Interview

"When people come to Pinterest, they are at a point where they are interested in a product, service or category" - Interview, Pinterest UK & Ireland country manager Adele Cooper

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Online pinboard Pinterest is designed to help consumers plan. The platform allows users to 'pin' images for everything from wedding ideas to cocktail recipes. Earlier this year, the site crossed the 200m user mark - with the average age of a user over 18. Earlier this month, just-drinks deputy editor Lucy Britner spoke to the company's UK & Ireland country manager, Adele Cooper, to find out how drinks brand owners can make the most of Pinterest.

Pinterest was launched in 2010

Pinterest was launched in 2010

just-drinks: Can you explain why consumers use Pinterest?

Adele Cooper: People come to the platform to look for ideas that they will hopefully do or buy in their real life. People come to us to plan fairly early on in the process - it can range from cooking dinner and looking for a recipe to moving house and looking for decorating ideas.

j-d: How does it work?

There's a natural fit between the content people are looking for and paid advertising

AC: It's a visual discovery app. Around 75% of the content on Pinterest comes from brands and businesses. If you think about it, products and services from businesses are key to most of the things you are planning. There's a natural fit between the content people are looking for on the platform and paid advertising.

We hope it also gives people the confidence to try something new for the first time and experiment.

j-d: How many drinks firms use Pinterest?

AC: In the UK, there are more than 30 alcoholic and non-alcoholic manufacturers.

j-d: What kinds of things do drinks companies use Pinterest for, and what are the benefits?

AC: There's a lot of content on the platform about giving people inspiration and ideas around drinks - cocktail recipes, party ideas and recipes including drinks - to more emotional brand campaigns. Christmas is big for food and drinks - you get emotional brand campaigns as well as just very practical campaigns, such as 'how-to' tutorials.

Adele Cooper is UK & Ireland country manager at Pinterest

j-d: What tends to succeed?

AC: More emotionally-driven campaigns lead to content that's then useful. The content that does best is helpful to people in some way because they come to Pinterest to plan. Sometimes, a brand campaign puts that product top of mind.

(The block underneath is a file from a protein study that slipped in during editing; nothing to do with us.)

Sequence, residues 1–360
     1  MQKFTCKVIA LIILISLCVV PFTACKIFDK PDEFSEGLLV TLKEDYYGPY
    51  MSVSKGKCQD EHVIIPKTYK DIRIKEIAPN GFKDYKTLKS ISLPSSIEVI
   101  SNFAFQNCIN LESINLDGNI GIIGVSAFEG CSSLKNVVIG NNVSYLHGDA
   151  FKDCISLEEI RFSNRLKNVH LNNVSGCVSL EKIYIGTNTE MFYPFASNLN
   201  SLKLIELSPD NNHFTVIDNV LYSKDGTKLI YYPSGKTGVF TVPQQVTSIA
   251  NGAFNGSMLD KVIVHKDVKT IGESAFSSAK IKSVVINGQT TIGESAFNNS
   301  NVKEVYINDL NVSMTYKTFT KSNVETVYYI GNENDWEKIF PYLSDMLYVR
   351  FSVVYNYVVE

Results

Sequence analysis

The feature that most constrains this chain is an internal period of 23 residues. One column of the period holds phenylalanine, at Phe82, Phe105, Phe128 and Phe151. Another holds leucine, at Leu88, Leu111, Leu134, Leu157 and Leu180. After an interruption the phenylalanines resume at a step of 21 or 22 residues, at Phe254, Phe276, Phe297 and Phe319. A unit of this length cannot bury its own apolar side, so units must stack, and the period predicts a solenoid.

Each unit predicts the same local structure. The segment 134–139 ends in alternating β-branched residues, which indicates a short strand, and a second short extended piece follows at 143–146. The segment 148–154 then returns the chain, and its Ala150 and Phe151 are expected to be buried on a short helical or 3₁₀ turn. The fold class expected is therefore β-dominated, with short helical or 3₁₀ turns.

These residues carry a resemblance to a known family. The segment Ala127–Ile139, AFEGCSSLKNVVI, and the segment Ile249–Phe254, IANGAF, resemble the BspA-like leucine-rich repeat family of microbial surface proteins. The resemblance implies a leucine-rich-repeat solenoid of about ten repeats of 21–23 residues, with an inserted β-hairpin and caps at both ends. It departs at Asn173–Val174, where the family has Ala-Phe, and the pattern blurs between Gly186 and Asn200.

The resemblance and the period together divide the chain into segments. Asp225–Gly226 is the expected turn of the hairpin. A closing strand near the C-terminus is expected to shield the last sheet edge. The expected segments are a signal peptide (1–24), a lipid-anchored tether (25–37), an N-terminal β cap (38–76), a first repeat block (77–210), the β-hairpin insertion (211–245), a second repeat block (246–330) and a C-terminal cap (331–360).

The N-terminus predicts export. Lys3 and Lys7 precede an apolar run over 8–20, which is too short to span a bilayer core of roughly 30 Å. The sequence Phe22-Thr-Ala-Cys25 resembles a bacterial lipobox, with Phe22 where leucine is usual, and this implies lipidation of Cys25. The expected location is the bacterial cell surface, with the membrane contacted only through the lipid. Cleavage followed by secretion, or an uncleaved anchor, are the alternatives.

j-d: Lots of drinks companies appear to be obsessed with Instagram.

AC: When people come to Pinterest, they are at a point where they are interested in a product, service or category but they haven't decided who they're going to buy it from. It allows businesses to tap into that intent early on in the process. That's what differentiates Pinterest from other platforms - the ability to reach people when they are actively planning something and put your product top of mind. It's also a place where people are looking for content from businesses and they get ads that are along the lines of what they are looking for. So, it's a much more efficient place to reach consumers.

j-d: Can you explain developments in image-led searching?

AC: We are doing a lot with visual discovery both on- and off-line. If you're looking at a pin and you're interested in a product or item in the pin, not necessarily the whole pin, you can do a search just for that item and get more content related to that item.

Offline - you can take a picture of something in the offline world and have that trigger content as well. For example, if a user takes a picture of a pink cocktail using a Pinterest lens, the app will find other pink cocktails, recipes and glassware relating to the picture.

The other development in relation to the Pinterest lens is around QR codes. We've done a couple of campaigns around QR codes where you take a picture of the code using Pinterest and you're taken to additional branded content around that item. For example, Cath Kidston had a recent campaign where they were launching a new range of bags. Each had a different colour and different QR code. If you went into the store and took a picture of the QR code, you would be taken to that bag's personal Pinterest board - with information of how to style the bag and similar accessories in similar colours.

I think this would work well in the drinks world where you're able to have QR codes unlock different drinks and different recipe ideas or party ideas.

j-d: You must be able to gather a lot of consumer data around what people are drinking around the world - any interesting stats?

We have seen a 125% increase in people searching for cocktail recipes over the last year

AC: In the UK, we have seen a 125% increase in people searching for cocktail recipes over the last year. We can see emerging trends and gain insights on what people are searching for and saving.

j-d: What kinds of recipes are people searching for at the moment? 

AC: We're seeing the following ideas trending for the holidays: blackberry thyme cocktails, beer-infused cocktails and mulled white wine recipes

j-d: Can you give me an example of a project with a drinks company?

AC: One that springs to mind is Diageo's Baileys brand - they did a combination of recipe pins and a 'how to' video around their Almande launch. They drove a double-digit lift in awareness of the product following the campaign.

What does the future hold for the global gin category? - Research in Focus


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